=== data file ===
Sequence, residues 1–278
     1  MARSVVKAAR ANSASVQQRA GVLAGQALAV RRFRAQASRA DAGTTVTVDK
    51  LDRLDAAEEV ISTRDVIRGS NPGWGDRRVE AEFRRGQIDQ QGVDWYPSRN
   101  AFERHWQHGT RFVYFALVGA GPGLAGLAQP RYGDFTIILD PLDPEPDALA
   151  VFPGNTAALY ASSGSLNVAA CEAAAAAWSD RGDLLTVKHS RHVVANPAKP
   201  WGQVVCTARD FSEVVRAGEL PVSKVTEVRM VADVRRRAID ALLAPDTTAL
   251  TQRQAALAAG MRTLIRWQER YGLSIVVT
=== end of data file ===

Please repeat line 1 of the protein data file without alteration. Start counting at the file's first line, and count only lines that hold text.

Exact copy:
Sequence, residues 1–278